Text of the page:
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TU Dublin ‘pauses’ student intake for 15 college courses to help tackle deficit of almost €9m

University review finds ‘considerable number’ of programmes with low student numbers

Technological University Dublin is to “pause” the intake of students for 15 college courses in the new academic year due to low student numbers and cost-cutting measures.

The university, the second-largest in the State with 25,000 students, is running a deficit of €8.6 million due in part to a drop of about 2,500 in student numbers last year.

Following a review of its course offerings, TU Dublin identified a “considerable number” of continuous low-intake programmes with single-figure student entries, according to university records.

The review concluded that this created a situation where the later years of four-year college courses had “very low” numbers of students.


As a result, these courses “neither delivered on industry skills requirements or on an appropriate students’ experience which is very expensive to deliver”.

While some of these courses have been reconfigured into more general entry programmes, a spokeswoman for TU Dublin confirmed to The Irish Times that others were not achieving sufficient interest from school leavers.

“As TU Dublin is currently seeking to address a budget deficit and restore the university to a sustainable financial footing, we cannot run programmes that are of limited interest to students,” the spokeswoman said, in a statement.

She said the university decided to “pause” school leaver intake on 15 programmes for September 2024 and to “review how we can best meet the future requirements of industry”.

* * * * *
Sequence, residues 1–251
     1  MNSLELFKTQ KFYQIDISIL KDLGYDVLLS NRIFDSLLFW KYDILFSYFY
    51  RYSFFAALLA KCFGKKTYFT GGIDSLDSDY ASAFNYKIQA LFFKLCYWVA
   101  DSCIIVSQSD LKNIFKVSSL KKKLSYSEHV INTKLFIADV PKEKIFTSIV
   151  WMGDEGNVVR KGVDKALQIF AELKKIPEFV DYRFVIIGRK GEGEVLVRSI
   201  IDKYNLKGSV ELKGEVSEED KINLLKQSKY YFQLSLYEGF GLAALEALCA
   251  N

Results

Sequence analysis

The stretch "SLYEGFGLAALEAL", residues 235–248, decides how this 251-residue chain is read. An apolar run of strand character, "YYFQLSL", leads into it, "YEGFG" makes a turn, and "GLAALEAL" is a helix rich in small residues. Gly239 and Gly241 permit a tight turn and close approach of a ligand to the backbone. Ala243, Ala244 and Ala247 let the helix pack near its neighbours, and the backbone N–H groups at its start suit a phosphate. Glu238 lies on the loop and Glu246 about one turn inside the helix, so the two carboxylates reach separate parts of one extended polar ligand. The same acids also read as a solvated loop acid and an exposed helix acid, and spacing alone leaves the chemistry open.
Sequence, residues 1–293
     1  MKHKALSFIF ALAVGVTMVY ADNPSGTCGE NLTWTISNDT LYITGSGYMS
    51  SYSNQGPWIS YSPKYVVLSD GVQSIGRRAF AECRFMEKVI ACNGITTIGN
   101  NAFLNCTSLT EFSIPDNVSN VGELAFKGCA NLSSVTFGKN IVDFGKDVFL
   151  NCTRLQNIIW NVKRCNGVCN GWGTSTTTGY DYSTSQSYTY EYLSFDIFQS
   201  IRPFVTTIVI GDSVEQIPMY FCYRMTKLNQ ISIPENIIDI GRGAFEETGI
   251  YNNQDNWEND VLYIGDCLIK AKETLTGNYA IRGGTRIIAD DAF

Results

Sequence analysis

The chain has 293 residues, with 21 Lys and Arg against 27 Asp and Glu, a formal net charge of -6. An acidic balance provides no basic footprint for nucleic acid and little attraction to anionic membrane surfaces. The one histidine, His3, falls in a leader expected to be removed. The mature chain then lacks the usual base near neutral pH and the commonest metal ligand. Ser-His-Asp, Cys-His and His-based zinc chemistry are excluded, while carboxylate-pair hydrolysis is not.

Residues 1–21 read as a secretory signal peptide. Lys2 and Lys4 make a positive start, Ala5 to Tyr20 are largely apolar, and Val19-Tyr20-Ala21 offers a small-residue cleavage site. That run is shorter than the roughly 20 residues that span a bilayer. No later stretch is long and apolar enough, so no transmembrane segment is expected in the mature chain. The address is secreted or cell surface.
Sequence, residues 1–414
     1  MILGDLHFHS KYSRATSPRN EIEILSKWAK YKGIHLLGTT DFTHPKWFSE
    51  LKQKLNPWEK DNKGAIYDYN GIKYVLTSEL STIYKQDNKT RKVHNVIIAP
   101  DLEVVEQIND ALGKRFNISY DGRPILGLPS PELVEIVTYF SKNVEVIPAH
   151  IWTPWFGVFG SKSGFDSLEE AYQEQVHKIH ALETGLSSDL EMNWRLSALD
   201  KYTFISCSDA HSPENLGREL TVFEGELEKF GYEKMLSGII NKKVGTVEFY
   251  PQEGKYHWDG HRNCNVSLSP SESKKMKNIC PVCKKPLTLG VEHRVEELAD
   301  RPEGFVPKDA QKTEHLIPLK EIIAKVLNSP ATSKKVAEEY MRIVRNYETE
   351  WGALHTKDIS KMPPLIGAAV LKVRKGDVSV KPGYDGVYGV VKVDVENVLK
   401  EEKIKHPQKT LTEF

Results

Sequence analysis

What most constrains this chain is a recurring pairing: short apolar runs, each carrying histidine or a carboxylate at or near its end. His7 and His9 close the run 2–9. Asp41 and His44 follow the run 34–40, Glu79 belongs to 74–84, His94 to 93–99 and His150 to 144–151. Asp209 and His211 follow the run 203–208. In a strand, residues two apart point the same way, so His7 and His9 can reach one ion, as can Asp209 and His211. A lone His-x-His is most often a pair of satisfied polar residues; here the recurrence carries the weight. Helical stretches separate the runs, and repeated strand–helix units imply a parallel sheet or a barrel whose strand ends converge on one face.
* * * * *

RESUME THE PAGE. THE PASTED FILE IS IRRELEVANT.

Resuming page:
Among the TU Dublin courses listed as “cancelled” in the CAO’s handbook of courses for the 2024/2025 academic year are degrees in design, technology and innovation, sustainable transport management, geospatial surveying, computing (language), retail and services management, culinary entrepreneurship, culinary science, music (audition), languages and international tourism.

When asked whether the pausing of courses would lead to skills gaps in key areas, TU Dublin’s spokeswoman said other programmes – at both undergraduate and postgraduate level – would “continue to educate students in these domains as a core element of their course work”.

“Furthermore, it is our ambition to increase the total number of graduates that we produce for industry in 2024 and beyond,” she said.

The university said some discontinued programmes had been reconfigured into common entry programmes, such as business, to react to the “growing trend of CAO applicants’ preferences for general or common entry programmes”.

She said the university was also offering new courses which sought to meet the demands of a changing market, such as data science and artificial intelligence.

Meanwhile, records released under the Freedom of Information Act show there is “increasing concern” over TU Dublin’s financial management and reporting abilities within the Higher Education Authority (HEA).

Records show that, last month, a senior HEA official noted that a recovery plan for the university was delayed due to the “timeliness of quality of information provided”.

The scale of deficits facing TU Dublin first emerged in July 2023, which prompted the HEA to work with the university to address these issues.

Following mounting concern over the “apparent lack of urgency, responsiveness and conduct” by TU Dublin’s governing body, the HEA used so-called “section 64″ powers last February to request it to undertake a review of its performance in managing and controlling the financial deficit.

TU Dublin recently submitted this review to the HEA for its consideration.

In the meantime, the university said work was continuing on its financial recovery plan to return to financial sustainability, with the assistance of financial services firm Mazars.

Separately, the university recently received sanction to create the role of chief financial officer, which it had been seeking for some time.

It said an interim appointment to the role had been made and an external competition to fill the role on a permanent basis was planned in the coming months.

Carl O'Brien

Carl O'Brien

Carl O'Brien is Education Editor of The Irish Times. He was previously chief reporter and social affairs correspondent